Pros & Cons of Interpreter
– easy to implement (small TCB.) – works with binaries (high-level languageindependent.) – easy to enforce other aspects of OS policy

– terrible execution overhead (x25? x70?)

but it’s a start…

Partial Evaluation (PE)
A technique for speeding up interpreters.
– At load time, we know what the code is. – So specialize the interpreter to the code.
• • • • unroll the loop – one copy for each instruction specialize the switch to the instruction compile the resulting code Voila!


Example PE
Original Binary:
0: add r1,r2,r3 1: ld r4,r3(12) 2: jmp r4 ...

while (true) { if (pc >= codesz) exit(1); int inst = code[pc]; ... }

Specialized interpreter:
reg[1] = reg[2] + reg[3]; addr = reg[3] + 12; if (addr >= memsz) exit(1); reg[4] = mem[addr]; pc = reg[4]

Resulting Compiled Code
0: add r1,r2,r3 1: addi r5,r3,12 2: subi r6,r5,memsz 3: jab _exit 4: ld r4,r5(0) ...

Control Flow is an issue…
• Suppose the source code is:
0x00: … 0x41: 0x42: beq r3,r4,42 ld r2,r1(0) addi r2,r2,1

• We'll insert code before the ld, so we have to adjust the branch target to the new address.

Computed Jumps?
• In general, we may not know where we're jumping at translation time:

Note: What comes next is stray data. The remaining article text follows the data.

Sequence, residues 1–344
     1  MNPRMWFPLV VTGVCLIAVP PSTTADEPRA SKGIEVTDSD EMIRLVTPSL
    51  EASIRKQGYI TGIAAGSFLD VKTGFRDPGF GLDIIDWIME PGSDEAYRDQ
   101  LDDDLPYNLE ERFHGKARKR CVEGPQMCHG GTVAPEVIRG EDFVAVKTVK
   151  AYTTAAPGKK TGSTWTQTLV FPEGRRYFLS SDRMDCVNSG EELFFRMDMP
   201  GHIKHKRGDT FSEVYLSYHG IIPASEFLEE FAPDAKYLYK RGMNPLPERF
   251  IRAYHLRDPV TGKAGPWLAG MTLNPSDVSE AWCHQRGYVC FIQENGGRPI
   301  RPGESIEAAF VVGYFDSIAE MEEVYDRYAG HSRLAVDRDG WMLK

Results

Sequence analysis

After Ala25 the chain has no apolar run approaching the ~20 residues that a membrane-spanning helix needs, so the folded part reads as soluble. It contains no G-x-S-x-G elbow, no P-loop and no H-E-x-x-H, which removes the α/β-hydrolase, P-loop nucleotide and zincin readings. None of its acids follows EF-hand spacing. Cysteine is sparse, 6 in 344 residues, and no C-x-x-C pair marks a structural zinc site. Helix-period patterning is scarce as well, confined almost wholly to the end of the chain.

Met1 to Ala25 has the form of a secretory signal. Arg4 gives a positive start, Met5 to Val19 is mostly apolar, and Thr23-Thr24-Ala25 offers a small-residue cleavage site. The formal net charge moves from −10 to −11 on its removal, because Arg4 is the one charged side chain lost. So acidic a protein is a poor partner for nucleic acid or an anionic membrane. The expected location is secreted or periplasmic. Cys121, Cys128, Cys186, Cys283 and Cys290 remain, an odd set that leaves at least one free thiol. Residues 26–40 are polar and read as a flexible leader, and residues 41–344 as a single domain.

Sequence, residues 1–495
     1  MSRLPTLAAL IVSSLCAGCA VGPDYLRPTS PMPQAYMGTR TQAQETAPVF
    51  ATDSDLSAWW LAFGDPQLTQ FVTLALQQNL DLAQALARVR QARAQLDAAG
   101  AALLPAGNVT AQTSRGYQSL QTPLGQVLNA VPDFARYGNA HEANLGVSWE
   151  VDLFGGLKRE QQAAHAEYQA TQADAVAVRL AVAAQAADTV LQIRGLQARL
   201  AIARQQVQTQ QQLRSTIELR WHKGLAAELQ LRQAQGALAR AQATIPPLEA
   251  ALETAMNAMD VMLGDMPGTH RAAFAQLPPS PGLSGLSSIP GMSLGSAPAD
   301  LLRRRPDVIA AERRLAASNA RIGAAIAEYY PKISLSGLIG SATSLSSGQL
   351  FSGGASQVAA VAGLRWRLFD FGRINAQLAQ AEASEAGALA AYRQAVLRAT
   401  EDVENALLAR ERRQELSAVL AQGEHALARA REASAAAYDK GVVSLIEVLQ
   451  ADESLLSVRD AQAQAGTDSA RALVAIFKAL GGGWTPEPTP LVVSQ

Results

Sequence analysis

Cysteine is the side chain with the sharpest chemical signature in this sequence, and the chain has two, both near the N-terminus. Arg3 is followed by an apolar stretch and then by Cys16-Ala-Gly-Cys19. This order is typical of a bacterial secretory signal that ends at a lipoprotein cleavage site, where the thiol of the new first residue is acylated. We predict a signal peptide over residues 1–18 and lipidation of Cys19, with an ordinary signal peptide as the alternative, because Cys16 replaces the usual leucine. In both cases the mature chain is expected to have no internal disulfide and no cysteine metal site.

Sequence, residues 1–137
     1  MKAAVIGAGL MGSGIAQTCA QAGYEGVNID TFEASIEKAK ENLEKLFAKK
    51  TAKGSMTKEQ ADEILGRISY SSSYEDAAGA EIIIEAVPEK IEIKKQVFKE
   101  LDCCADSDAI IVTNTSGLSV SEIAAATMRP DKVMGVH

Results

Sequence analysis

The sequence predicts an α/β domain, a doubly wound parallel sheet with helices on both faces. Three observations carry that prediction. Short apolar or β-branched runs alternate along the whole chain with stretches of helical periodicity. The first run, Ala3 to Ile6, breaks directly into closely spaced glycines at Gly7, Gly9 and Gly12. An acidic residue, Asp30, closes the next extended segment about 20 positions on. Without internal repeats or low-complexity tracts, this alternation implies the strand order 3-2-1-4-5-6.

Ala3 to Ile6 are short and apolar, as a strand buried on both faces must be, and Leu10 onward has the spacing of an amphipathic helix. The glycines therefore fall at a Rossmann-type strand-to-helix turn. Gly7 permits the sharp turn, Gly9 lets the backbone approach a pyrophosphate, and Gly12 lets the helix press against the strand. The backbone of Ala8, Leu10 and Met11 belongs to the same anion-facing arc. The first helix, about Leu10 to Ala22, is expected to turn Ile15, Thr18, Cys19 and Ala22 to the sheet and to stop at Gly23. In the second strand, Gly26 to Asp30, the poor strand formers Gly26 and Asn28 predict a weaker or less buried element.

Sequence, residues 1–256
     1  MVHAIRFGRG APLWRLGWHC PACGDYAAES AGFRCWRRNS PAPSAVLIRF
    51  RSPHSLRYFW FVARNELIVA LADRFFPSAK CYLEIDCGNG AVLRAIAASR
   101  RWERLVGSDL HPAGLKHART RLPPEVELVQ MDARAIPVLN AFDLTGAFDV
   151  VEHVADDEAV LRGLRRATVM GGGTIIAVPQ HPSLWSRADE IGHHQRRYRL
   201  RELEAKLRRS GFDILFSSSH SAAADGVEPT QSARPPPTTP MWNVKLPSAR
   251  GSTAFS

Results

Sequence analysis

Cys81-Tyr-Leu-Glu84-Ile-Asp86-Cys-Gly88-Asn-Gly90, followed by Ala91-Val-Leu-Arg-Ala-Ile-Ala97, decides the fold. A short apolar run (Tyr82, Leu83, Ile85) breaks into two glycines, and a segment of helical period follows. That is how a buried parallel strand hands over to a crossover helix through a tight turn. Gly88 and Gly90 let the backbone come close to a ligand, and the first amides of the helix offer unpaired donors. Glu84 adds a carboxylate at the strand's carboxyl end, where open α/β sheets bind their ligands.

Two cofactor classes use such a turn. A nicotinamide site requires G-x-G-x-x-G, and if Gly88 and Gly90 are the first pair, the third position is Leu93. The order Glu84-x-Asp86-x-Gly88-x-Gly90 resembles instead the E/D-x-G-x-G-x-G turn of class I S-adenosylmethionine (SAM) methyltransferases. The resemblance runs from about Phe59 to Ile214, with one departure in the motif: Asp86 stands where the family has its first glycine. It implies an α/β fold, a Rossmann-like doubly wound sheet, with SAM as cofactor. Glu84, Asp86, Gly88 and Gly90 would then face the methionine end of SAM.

0x00: 0x01: … 0x41: 0x42: ld r3, r1(10) jmp r3 ld r2,r1(0) addi r2,r2,1

• So how do we adjust the jump?

Another Way to See This
while (true) { if (pc >= codesz) exit(1); int inst= code[pc], rd= RD(inst), rs1= RS1(inst), rs2 = RS2(inst), immed = IMMED(inst); switch (opcode(inst)) { case ADD: reg[rd] = reg[rs1] + reg[rs2]; break; case BEQ: if (reg[rs1] == reg[rs2]) pc += immed; break; … case JMP: pc = reg[rd]; continue; } pc++; }

• Except for JMP, the pc's value only depends on statically known quantities. • Need a mapping T from source instruction addresses to target instruction addresses.

Computed Jumps
• But for computed jumps, we will not in general be able to apply T at translation time. • Rather, we'll have to apply T at run-time if we hope to preserve the semantics of the original code. • So jmp r in the worst case would have to become "r := T(r)"; jmp r